If you are driving and there is a sudden emergency—for example, an accident takes place in front of you and you instinctively swerve to avoid the collision—can you be held liable for your own actions? In many cases, the answer is no. Georgia law recognizes a “sudden emergency” defense. This applies when a person faces a “sudden peril” and, lacking adequate time to assess the situation, takes immediate action that may result in injury to another. Keep in mind, this defense is only available when the person asserting it did not actually cause the emergency.
Smith v. Norfolk Southern Railway Company
The Georgia Court of Appeals recently addressed the application of the emergency defense doctrine to a wrongful death lawsuit arising from a series of accidents that took place on and around a railroad crossing located in Gwinnett County. A pickup truck was traveling southbound towards the crossing. The driver of the truck sped towards a yellow light. The light turned red as the truck entered the intersection. At this point, the truck collided with a van that was attempting to make a left-hand turn into the intersection.
The force of the impact propelled the truck onto the nearby railroad tracks. Just then, the crossing signal activated closed, indicating there was an oncoming train. An 8,900-ton freight train was fast approaching. When the railroad engineer saw there was a stationary vehicle on the tracks, he initiated emergency procedures designed to slow train down. Unfortunately, the engineer was unable to fully stop the train, which hit the truck. The truck, in turn, struck and killed a man who had been a passenger in the truck and was wandering in a “daze” on the tracks. According to a witness at the scene, the man “tried to run” when he realized there was a train heading straight for him, “but it was too late.”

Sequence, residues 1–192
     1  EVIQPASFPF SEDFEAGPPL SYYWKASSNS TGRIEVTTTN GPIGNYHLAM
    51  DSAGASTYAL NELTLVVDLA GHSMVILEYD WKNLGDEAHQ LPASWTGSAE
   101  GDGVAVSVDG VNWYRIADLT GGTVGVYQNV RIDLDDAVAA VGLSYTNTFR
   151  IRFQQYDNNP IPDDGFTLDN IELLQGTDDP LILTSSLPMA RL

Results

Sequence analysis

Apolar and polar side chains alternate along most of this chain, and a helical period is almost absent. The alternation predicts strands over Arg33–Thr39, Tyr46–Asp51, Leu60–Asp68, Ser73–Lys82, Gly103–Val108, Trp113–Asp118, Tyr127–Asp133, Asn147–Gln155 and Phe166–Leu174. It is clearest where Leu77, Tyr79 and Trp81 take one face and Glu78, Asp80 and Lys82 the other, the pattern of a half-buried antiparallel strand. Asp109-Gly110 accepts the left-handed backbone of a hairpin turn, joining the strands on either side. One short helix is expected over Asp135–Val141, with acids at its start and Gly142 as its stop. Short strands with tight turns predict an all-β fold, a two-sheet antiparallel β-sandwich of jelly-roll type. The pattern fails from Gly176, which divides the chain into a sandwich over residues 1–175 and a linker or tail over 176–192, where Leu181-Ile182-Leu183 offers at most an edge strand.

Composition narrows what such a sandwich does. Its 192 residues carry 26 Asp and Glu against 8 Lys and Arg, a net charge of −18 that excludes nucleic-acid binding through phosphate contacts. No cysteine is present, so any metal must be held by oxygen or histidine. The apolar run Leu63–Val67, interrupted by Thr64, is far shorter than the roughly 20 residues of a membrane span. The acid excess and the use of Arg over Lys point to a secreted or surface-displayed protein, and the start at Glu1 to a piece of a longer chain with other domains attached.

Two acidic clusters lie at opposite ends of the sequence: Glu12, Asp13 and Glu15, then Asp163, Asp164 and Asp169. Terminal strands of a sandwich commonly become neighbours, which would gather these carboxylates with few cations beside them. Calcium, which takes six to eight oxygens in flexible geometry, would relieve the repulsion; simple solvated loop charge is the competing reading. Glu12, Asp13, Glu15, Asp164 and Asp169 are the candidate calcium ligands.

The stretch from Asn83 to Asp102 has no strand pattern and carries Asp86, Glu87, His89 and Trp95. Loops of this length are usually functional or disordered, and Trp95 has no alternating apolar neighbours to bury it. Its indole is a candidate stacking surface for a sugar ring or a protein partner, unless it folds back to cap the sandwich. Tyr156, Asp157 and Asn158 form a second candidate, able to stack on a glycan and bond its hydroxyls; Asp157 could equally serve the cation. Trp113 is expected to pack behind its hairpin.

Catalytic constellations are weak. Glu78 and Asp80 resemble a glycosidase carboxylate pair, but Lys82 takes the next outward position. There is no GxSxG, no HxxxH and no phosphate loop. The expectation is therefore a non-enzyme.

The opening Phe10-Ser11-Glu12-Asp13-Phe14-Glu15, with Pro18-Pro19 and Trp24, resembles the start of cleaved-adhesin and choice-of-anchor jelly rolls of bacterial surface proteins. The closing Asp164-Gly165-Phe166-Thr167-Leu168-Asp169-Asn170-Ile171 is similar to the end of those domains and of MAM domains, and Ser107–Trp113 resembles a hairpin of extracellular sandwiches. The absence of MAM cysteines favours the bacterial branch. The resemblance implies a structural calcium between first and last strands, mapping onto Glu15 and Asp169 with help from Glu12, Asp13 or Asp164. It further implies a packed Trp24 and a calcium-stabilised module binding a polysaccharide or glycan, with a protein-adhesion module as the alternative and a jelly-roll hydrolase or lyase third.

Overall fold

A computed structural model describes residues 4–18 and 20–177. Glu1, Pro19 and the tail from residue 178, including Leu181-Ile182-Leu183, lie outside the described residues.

The deceased man’s family subsequently sued the railroad company for negligence. Specifically, the family argued the train engineer violated federal railroad safety regulations, which required him to “continuously” blow the train’s horn as it approached the crossing. There was a 16-second gap between the time the engineer initially blew his horn—just prior to beginning emergency procedures—and when he blew the horn a second time, when it was too late for the decedent to get off the tracks.
A Georgia jury ruled in favor of the railroad company. The Georgia Court of Appeals upheld the verdict, noting the “sudden emergency” defense applied to the facts of this case. The appeals court said the engineer did not cause the emergency—the initial accident between the van and the truck did—and “when the engineer realized the sudden peril in front of him, the circumstances offered him a choice of alternative courses of action without time for thought or for careful reflection.” Given the engineer only had seconds to react, his decision to try and slow down the train, rather than continue blowing his horn, was not negligent.